9. Hotel Bristol

Travel around the world, especially in Europe, and at some point you’ll inevitably bump into one of the 200-plus independent hotels named after Bristol. In Paris, Rome, Warsaw and Vienna they are particularly grand places with illustrious histories – PG Wodehouse was interned by the Germans in the Hotel Le Bristol Paris and Edward VIII found the Vienna establishment ideal for a bit of nookie with Mrs Simpson – though many of the more illustrious places have closed over the years. It is generally thought that the popularity of the name reflects the 18th century wanderings of Frederick Hervey, 4th Earl of Bristol, whose controversial religious and political views caused him to leave the country but whose considerable wealth enabled him to stay at the finest places. Naturally, as is the way with aristocrats, the Earl of Bristol had nothing to do with our city whatever, his family pile being in Suffolk. (NB it is important not to confuse Hotel Bristol with the Bristol Hotel [“in Jamaica, Queens”] whose sleazy nightlife was immortalised on LL Cool J’s 1987 Bigger & Deffer album)

 

10. Bristol Island

Admiral Augustus Hervey, 3rd Earl of Bristol and brother of Frederick (see Hotel Bristol above) was both a famed sailor and a notorious ladies man, gaining the nickname The English Casanova. It was his marine endeavours, however, that most impressed celebrated explorer and cartographer Captain James Cook and in recognition of these he named several bits of hitherto uncharted territory after him. Thus a chunk of Queensland, Australia became Hervey Bay and a salmon-rich area of the coast of Alaska was dubbed Bristol Bay. Quite what inspired Cook to connect the 3rd Earl with a five-mile chain of uninhabitable ice-covered earthquake prone volcanoes south of the Falkland Islands is not clear but in 1775 they became Bristol Island. Like Frederick, however, Augustus Hervey, 3rd Earl of Bristol, does not seem to have ever actually lived in Bristol.

 

11. HMS Bristol

Since the first one was launched in 1653 there have been seven ships called HMS Bristol in the Royal Navy and the sixth one, a light cruiser launched in Clydebank in 1910, was the most celebrated. It was the first British ship to see action in the First World War, thanks to a ‘skirmish’ with a German cruiser in the West Indies in August 1914, and was then sent down to the South Atlantic to join the hunt for Admiral Maximilian von Spee. Von Spee had already scored a notable victory over the Royal Navy at Coronel, off the coast of Chile, and revenge was needed. The squadron headed for the Falkland Islands to refuel and fortuitously met von Spee’s ships, immediately commencing what would become a fight to the death. Unfortunately HMS Bristol was still taking on coal when battle commenced and thus, in an extreme version of Bristol Time, was two hours late for the fray, by which time all but one of the German warships had been sunk and von Spee had gone down with his ship. Happily two sluggish colliers were still afloat and HMS Bristol gallantly engaged with them instead. The ship was decommissioned and sold for scrap in 1921 and the last HMS Bristol, a destroyer, is now a training ship moored up in Portsmouth.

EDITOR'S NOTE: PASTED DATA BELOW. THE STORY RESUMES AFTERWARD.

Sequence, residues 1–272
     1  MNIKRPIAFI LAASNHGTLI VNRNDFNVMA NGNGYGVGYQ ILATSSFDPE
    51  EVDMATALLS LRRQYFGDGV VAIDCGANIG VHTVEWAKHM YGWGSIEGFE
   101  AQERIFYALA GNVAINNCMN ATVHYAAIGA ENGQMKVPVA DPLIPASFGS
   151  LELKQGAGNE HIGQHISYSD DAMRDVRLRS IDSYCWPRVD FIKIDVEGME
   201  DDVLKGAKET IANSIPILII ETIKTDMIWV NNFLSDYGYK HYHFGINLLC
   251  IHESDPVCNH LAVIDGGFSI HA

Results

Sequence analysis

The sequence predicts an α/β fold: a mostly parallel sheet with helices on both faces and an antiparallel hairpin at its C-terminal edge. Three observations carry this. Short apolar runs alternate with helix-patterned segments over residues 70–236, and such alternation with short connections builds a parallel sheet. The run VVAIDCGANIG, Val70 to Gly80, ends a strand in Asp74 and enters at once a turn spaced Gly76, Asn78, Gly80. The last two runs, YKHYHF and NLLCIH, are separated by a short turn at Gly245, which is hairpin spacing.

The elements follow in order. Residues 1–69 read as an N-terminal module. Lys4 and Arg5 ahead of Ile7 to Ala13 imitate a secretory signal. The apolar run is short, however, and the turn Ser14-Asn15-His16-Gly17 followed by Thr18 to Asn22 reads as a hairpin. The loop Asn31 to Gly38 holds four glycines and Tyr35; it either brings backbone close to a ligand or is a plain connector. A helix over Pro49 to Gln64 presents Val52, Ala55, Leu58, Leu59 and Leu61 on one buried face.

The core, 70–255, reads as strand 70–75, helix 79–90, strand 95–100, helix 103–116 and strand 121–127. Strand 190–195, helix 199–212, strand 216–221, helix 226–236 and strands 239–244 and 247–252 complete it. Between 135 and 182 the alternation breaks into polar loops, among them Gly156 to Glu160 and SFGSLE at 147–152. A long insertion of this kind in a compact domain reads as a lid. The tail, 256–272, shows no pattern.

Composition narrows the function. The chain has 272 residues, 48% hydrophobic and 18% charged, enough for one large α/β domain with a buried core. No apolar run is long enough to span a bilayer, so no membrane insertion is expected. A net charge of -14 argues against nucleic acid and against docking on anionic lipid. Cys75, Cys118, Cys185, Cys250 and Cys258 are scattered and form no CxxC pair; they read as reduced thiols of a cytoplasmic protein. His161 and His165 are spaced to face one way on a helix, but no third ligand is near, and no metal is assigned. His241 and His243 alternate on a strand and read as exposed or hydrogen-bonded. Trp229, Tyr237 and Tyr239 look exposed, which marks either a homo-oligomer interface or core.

12. Bristol Knot

Keen anglers will know the Bristol Knot, despite also confusingly being named The No Name Knot, as an excellent method of joining one fishing line to another in a way that will still run smoothly through the various nooks and crannies of a fishing rod. It is especially compatible, fact fans, with the Bimini Twist and all Bristolians can take pride in the fact that, in tests conducted by the International Game Fishing Association, the Bristol Knot ‘out-tested both the Albright Special and the Double Uni’. Gives you a glow, don’t it?

 

13. Bristol Font